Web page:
14. Wilkerson frequently uses her own experience as an African-American woman to illustrate her points regarding caste—including the experience involving the confusion when someone “rises above” his or her presumed station. What do readers gain from hearing about Wilkerson’s personal experiences in addition to her deep historical research?
15. "Indians will ask one’s surname, the occupation of one’s father, the village one is from, the section of the village that one is from, to suss out the caste of whoever is standing in front of them,” Wilkerson writes. “They will not rest until they have uncovered the person’s rank in the social order.” How is this similar to and different from the process of determining caste in America? Have you ever, for instance, asked someone what they did for work or where they lived or went to school, and been surprised? Did you treat them differently upon hearing their answer?
16. Analyze the process of dehumanization and how it can lead to people justifying great acts of cruelty.
17. “Evil asks little of the dominant caste other than to sit back and do nothing,” Wilkerson writes. Whether in the dominant caste or not, what are some of the ways that each of us, personally, can stand up to the caste system?
18. Wilkerson gives examples that range from the horrifying (lynching) to the absurd (the Indian woman who walked across an office to ask a Dalit to pour her water from the jug next to her desk) to illustrate caste’s influence on behavior. How do both of these types of examples—and everything in between—help cement her points? Why do we need to see this range to clearly understand caste?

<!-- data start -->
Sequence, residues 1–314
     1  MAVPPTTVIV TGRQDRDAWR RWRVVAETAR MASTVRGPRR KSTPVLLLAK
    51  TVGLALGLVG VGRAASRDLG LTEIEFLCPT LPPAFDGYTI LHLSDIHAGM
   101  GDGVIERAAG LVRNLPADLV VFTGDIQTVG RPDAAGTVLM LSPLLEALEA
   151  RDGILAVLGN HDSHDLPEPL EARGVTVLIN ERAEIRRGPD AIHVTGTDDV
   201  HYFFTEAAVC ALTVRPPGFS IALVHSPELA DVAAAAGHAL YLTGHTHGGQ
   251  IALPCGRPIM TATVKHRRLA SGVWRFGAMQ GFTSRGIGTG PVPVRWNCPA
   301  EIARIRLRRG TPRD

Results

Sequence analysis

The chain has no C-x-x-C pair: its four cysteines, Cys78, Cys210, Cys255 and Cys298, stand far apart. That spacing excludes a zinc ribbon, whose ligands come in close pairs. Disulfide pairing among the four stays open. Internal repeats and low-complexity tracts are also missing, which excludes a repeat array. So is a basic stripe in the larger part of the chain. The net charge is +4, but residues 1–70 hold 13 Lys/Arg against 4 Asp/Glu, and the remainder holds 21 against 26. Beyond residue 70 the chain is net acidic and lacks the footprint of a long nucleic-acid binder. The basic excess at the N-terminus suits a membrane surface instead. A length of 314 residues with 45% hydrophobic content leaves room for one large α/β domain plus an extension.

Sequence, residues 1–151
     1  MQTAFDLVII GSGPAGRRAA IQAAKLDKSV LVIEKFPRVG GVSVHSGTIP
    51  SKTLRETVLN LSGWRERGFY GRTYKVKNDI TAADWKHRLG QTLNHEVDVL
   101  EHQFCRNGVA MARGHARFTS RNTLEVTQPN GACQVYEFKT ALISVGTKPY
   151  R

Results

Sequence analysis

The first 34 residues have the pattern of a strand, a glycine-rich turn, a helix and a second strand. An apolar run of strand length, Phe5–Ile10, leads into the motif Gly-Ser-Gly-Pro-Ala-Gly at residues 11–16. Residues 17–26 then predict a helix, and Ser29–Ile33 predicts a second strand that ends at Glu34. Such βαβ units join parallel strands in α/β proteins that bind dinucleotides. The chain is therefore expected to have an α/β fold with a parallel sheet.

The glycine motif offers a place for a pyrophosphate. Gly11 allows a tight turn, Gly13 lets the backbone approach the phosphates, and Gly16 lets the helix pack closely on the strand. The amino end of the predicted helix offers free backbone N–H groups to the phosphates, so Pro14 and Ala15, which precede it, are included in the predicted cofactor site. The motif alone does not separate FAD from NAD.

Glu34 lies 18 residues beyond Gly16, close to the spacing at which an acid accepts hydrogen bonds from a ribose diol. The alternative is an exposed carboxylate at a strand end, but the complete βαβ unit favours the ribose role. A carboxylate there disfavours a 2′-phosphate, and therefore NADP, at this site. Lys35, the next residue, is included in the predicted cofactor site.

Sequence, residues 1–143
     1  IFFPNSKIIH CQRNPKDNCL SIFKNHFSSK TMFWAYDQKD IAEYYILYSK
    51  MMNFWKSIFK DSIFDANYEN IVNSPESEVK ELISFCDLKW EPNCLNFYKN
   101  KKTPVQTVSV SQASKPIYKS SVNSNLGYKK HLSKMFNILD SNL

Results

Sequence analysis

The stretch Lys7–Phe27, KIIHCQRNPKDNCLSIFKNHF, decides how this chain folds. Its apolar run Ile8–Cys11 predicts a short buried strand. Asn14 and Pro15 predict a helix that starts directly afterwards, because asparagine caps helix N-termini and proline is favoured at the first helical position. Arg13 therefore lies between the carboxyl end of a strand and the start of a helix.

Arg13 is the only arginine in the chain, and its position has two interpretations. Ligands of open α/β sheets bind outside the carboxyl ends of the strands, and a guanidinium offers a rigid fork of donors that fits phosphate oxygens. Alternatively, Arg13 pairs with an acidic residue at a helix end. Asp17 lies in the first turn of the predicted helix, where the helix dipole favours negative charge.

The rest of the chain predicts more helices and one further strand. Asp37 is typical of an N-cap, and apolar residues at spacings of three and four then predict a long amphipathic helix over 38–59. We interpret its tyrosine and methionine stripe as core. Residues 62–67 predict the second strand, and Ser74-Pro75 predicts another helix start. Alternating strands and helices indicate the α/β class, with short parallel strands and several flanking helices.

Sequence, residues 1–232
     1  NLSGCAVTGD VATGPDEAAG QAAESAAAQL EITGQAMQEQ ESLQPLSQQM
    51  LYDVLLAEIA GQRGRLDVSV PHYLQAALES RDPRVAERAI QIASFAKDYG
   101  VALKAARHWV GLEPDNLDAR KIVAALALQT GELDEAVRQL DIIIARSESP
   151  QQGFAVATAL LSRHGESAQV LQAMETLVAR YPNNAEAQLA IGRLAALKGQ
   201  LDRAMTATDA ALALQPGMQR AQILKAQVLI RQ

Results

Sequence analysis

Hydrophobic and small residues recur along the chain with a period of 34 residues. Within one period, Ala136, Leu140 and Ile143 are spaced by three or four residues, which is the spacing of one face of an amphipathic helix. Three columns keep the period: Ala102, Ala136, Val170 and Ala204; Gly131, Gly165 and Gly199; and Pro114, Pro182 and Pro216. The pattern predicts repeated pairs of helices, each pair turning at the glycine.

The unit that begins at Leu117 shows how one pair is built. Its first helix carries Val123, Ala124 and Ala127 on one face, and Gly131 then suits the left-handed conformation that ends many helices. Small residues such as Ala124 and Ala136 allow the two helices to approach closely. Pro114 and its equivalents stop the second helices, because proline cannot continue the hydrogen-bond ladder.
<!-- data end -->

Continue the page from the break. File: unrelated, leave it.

19. Discuss how overt racism subtly transforms into unconscious bias. What are the ways that we can work to compensate for the unconscious biases inherent in a caste system?
20. Wilkerson writes about the “construction of whiteness,” describing the way immigrants went from being Czech or Hungarian or Polish to “white”—a political designation that only has meaning when set against something “not white.” Irish and Italian people weren’t “white” until they came to America. What does this “construction of whiteness” tell us about the validity of racial designations and the structure of caste?
21. It is a widely held convention that working-class white Americans may often “act against their own interests” by opposing policies designed to help the working class. Discuss how the logic of caste disproves this concept and redefines that same choice from the perspective of maintaining group dominance.
22. How does the caste system take people who would otherwise be allies and turn them against one other?
23. Wilkerson describes dinner with a white acquaintance who was incensed over the treatment they received from the waitstaff. Why did the acquaintance respond the way that she did, and how did it hurt or help the situation?
24. What do we learn from Albert Einstein’s response to the American caste system upon arrival from Germany?
25. What are some of the steps that society, and each of us, can take toward dismantling the caste system?